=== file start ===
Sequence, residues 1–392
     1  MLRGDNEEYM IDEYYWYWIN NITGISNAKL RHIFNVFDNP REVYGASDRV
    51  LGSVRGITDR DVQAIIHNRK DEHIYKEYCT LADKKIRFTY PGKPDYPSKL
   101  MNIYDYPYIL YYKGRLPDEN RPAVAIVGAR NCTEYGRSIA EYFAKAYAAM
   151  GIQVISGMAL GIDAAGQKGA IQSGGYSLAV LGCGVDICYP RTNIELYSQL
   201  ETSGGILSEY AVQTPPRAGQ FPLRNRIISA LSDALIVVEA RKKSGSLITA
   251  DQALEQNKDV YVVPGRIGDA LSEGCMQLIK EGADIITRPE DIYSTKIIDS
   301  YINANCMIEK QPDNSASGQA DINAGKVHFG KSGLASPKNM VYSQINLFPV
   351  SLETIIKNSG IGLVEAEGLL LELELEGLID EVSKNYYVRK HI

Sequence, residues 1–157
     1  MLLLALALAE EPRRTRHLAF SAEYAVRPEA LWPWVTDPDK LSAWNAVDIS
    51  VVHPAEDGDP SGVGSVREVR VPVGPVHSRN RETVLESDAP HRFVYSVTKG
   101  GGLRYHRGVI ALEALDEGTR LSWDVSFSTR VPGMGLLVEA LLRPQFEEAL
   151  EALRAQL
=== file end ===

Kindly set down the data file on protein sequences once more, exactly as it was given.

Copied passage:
Sequence, residues 1–392
     1  MLRGDNEEYM IDEYYWYWIN NITGISNAKL RHIFNVFDNP REVYGASDRV
    51  LGSVRGITDR DVQAIIHNRK DEHIYKEYCT LADKKIRFTY PGKPDYPSKL
   101  MNIYDYPYIL YYKGRLPDEN RPAVAIVGAR NCTEYGRSIA EYFAKAYAAM
   151  GIQVISGMAL GIDAAGQKGA IQSGGYSLAV LGCGVDICYP RTNIELYSQL
   201  ETSGGILSEY AVQTPPRAGQ FPLRNRIISA LSDALIVVEA RKKSGSLITA
   251  DQALEQNKDV YVVPGRIGDA LSEGCMQLIK EGADIITRPE DIYSTKIIDS
   301  YINANCMIEK QPDNSASGQA DINAGKVHFG KSGLASPKNM VYSQINLFPV
   351  SLETIIKNSG IGLVEAEGLL LELELEGLID EVSKNYYVRK HI

Sequence, residues 1–157
     1  MLLLALALAE EPRRTRHLAF SAEYAVRPEA LWPWVTDPDK LSAWNAVDIS
    51  VVHPAEDGDP SGVGSVREVR VPVGPVHSRN RETVLESDAP HRFVYSVTKG
   101  GGLRYHRGVI ALEALDEGTR LSWDVSFSTR VPGMGLLVEA LLRPQFEEAL
   151  EALRAQL